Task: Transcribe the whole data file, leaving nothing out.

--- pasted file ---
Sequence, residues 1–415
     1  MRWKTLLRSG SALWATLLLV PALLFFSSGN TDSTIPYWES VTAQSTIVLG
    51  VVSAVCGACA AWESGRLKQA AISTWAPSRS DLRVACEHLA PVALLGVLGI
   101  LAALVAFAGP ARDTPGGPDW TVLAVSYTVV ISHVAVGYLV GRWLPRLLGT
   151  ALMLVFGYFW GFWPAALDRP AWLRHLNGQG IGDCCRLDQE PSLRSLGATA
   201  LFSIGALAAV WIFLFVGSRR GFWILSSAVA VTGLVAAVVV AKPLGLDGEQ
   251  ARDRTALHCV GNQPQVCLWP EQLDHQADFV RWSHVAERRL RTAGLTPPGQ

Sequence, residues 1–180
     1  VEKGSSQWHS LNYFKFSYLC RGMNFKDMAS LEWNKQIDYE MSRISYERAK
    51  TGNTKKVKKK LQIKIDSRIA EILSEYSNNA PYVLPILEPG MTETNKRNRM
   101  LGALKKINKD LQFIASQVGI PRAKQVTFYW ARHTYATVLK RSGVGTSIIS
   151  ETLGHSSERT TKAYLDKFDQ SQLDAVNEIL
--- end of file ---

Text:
Sequence, residues 1–415
     1  MRWKTLLRSG SALWATLLLV PALLFFSSGN TDSTIPYWES VTAQSTIVLG
    51  VVSAVCGACA AWESGRLKQA AISTWAPSRS DLRVACEHLA PVALLGVLGI
   101  LAALVAFAGP ARDTPGGPDW TVLAVSYTVV ISHVAVGYLV GRWLPRLLGT
   151  ALMLVFGYFW GFWPAALDRP AWLRHLNGQG IGDCCRLDQE PSLRSLGATA
   201  LFSIGALAAV WIFLFVGSRR GFWILSSAVA VTGLVAAVVV AKPLGLDGEQ
   251  ARDRTALHCV GNQPQVCLWP EQLDHQADFV RWSHVAERRL RTAGLTPPGQ

Sequence, residues 1–180
     1  VEKGSSQWHS LNYFKFSYLC RGMNFKDMAS LEWNKQIDYE MSRISYERAK
    51  TGNTKKVKKK LQIKIDSRIA EILSEYSNNA PYVLPILEPG MTETNKRNRM
   101  LGALKKINKD LQFIASQVGI PRAKQVTFYW ARHTYATVLK RSGVGTSIIS
   151  ETLGHSSERT TKAYLDKFDQ SQLDAVNEIL